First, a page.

WASHINGTON — A deal for the tenth lot of F-35s will put the Air Force’s A model under $100 million per plane for the first time, and Lockheed Martin is on track to bring unit costs for an F-35A to $85 million in 2019, the company’s CEO said Tuesday.
A comparison with past estimates shows that these figures are on track with Defense Department and Lockheed’s own expectations, and do not necessarily reflect a decrease in unit prices caused by President Trump’s public critique of the program.
Trump has been hammering the joint strike fighter since December, frequently stating that the price of the aircraft is “out of control” and calling for an alternative in Boeing’s Super Hornet.
During a Tuesday earnings call, Lockheed CEO Marillyn Hewson defended the company’s trajectory of cost reduction, citing its Blueprint for Affordability initiatives. Perhaps even more fascinatingly, she painted Lockheed’s relationship with the new president as cooperative — a depiction at odds with the more antagonistic tenor of Trump’s public comments about the fighter jet.
“His focus is on, how do we drive the cost down aggressively, and I think we, along with our industry partners, are right in line with him on doing that. We have a lot of ideas on how we can do that in the future” she said.
“The meetings that we’ve had have been very productive, very good dialogue. He asks excellent questions and he is really focused on making sure that costs come down on the program,” she said. “It’s not about slashing our profit. It’s not about our margins.”
Hewson’s comments in some ways match the reassuring tone struck by Defense Secretary James Mattis. During his confirmation hearing, Mattis told senators that Trump has “in no way shown a lack of support for the program,” but wants to see Lockheed bring prices down.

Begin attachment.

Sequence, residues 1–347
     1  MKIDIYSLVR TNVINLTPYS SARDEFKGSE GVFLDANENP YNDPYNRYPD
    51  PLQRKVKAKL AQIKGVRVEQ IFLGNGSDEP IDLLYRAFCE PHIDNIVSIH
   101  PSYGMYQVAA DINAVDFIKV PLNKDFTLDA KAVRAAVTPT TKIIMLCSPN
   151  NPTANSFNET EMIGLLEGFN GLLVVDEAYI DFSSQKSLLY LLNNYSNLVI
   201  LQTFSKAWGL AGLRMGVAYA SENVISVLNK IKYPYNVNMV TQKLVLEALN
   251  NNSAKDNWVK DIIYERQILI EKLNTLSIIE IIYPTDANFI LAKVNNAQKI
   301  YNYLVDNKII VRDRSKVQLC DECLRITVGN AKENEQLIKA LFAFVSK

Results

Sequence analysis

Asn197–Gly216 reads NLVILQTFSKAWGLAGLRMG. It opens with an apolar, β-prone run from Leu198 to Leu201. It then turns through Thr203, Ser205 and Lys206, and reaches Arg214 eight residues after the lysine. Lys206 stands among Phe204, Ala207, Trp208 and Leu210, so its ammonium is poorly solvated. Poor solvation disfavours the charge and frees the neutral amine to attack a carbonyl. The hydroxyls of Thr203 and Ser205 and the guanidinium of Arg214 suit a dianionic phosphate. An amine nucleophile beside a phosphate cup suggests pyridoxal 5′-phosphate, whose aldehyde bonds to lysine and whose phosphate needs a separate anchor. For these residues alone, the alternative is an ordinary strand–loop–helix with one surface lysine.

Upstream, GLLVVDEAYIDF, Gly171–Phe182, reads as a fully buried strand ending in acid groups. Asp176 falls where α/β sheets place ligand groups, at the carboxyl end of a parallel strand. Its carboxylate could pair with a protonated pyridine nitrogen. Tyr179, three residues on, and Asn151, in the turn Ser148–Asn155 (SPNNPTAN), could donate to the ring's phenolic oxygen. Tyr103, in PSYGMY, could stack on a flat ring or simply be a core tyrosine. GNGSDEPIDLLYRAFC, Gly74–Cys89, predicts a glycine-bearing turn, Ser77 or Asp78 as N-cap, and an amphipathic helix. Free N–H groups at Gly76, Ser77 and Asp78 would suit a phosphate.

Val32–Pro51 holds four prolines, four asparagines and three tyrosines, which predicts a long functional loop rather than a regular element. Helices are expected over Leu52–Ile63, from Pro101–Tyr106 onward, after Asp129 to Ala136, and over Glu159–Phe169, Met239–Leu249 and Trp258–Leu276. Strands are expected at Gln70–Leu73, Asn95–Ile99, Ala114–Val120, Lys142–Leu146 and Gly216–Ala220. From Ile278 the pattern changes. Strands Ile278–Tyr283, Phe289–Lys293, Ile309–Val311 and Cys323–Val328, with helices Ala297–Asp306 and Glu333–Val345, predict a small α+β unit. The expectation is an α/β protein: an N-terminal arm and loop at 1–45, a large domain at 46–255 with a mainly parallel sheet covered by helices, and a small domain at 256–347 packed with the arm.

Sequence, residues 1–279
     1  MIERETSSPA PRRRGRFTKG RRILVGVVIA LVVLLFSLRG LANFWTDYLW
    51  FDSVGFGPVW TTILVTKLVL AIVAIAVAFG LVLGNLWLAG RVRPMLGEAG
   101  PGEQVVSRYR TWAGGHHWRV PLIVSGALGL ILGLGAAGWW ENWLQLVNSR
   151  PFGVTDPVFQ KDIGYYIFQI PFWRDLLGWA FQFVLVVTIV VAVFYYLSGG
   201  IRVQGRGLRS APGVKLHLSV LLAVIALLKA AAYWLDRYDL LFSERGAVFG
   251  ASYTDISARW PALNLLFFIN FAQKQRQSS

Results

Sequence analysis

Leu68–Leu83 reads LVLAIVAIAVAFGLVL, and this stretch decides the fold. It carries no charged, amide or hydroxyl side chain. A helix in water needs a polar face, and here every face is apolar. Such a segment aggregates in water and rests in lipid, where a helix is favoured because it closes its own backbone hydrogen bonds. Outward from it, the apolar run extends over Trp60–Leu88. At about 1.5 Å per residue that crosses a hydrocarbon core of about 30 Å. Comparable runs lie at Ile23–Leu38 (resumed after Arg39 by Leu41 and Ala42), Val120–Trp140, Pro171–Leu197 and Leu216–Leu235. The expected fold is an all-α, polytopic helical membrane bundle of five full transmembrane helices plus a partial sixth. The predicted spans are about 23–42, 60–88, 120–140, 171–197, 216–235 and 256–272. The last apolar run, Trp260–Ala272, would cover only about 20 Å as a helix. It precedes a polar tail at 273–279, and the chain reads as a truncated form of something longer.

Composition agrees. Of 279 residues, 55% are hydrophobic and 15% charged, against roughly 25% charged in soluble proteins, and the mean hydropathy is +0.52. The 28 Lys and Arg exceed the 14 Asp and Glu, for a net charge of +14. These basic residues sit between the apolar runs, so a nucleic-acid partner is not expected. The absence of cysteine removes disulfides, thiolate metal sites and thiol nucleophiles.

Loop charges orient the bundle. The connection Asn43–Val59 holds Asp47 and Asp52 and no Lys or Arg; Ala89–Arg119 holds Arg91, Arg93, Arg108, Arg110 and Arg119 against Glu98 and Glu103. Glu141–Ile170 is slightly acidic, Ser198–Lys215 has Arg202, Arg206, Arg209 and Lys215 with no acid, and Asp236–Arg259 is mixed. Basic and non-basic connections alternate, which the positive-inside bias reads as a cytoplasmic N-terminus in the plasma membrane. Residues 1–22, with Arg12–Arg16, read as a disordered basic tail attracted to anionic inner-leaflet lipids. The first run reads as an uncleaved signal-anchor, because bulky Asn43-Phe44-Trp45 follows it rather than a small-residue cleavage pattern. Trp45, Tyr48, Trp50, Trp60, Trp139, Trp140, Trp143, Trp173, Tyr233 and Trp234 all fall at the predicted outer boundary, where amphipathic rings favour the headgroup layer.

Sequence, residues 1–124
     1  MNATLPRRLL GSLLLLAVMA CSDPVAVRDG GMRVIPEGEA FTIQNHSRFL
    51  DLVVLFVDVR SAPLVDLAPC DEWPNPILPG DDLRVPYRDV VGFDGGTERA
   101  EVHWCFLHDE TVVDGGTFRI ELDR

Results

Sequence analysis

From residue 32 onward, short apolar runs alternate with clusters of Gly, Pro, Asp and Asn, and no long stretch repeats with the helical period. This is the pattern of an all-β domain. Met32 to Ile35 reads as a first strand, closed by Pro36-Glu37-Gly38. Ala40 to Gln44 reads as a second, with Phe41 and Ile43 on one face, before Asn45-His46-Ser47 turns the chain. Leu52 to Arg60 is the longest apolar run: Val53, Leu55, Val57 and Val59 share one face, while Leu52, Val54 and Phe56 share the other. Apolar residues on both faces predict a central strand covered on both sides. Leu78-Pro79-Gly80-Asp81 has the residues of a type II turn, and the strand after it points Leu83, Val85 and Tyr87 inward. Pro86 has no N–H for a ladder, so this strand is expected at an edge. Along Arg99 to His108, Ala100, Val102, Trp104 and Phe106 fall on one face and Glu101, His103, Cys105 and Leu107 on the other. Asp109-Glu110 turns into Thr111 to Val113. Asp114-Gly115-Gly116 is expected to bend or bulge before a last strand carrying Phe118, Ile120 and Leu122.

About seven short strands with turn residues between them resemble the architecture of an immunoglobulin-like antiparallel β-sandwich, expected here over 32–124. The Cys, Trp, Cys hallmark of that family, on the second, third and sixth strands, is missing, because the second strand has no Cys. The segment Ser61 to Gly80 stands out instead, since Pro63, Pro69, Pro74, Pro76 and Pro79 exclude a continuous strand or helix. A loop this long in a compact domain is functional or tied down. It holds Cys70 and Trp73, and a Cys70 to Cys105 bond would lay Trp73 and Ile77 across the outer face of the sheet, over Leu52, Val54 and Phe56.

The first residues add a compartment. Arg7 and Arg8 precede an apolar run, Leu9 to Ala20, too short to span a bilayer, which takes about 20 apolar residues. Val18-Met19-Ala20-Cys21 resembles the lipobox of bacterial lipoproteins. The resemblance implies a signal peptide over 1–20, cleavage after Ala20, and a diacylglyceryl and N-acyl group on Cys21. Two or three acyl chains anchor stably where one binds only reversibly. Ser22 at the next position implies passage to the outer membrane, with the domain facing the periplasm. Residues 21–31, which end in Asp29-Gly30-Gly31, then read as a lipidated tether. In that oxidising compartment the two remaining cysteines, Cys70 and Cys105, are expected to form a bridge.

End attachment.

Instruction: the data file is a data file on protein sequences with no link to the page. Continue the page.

Hewson has met twice with Trump to speak about the program, most recently on Jan. 13. After that meeting, she told reporters that the Defense Department and Lockheed were “very close” to a deal on the tenth batch of joint strike fighters — an assertion she repeated during the earnings call.
“The LRIP 10 price, as currently proposed, would represent a reduction of over 60 percent from the first LRIP 1 aircraft, and this demonstrates a learning curve as efficient as any achieved on any modern tactical fighter aircraft,” she said.
The LRIP 10 contract will also mark a sharp production increase, from 57 aircraft in LRIP 9 to about 90 F-35s in the tenth batch. F-35 Program Executive Officer Lt. Gen. Christopher Bogdan said late last year that he expected to see unit prices fall about 6 percent between the two orders.
Lockheed CFO Bruce Tanner predicted that the F-35 will have “sequential, year-after-year margin improvements” leading up to full rate production, and that LRIP 10 would not deviate from that path.
The company hopes to finalize negotiations on LRIP 11 in 2017. If orders increase as planned, Lockheed will be on track to offer the F-35A at $85 million per copy in LRIP 13 — a 2019 order comprised of about 200 jets, according to a chart shown by Hewson during the call.